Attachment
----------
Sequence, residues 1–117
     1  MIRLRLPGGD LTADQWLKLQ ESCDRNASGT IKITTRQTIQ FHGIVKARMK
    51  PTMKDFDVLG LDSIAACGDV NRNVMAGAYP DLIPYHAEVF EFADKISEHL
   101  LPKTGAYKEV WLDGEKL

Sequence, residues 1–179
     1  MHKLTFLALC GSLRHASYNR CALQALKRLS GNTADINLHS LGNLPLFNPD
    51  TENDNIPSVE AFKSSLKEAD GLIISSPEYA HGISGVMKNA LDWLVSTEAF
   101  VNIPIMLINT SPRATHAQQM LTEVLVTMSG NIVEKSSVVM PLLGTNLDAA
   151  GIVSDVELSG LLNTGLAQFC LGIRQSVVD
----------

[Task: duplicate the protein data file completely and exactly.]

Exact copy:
Sequence, residues 1–117
     1  MIRLRLPGGD LTADQWLKLQ ESCDRNASGT IKITTRQTIQ FHGIVKARMK
    51  PTMKDFDVLG LDSIAACGDV NRNVMAGAYP DLIPYHAEVF EFADKISEHL
   101  LPKTGAYKEV WLDGEKL

Sequence, residues 1–179
     1  MHKLTFLALC GSLRHASYNR CALQALKRLS GNTADINLHS LGNLPLFNPD
    51  TENDNIPSVE AFKSSLKEAD GLIISSPEYA HGISGVMKNA LDWLVSTEAF
   101  VNIPIMLINT SPRATHAQQM LTEVLVTMSG NIVEKSSVVM PLLGTNLDAA
   151  GIVSDVELSG LLNTGLAQFC LGIRQSVVD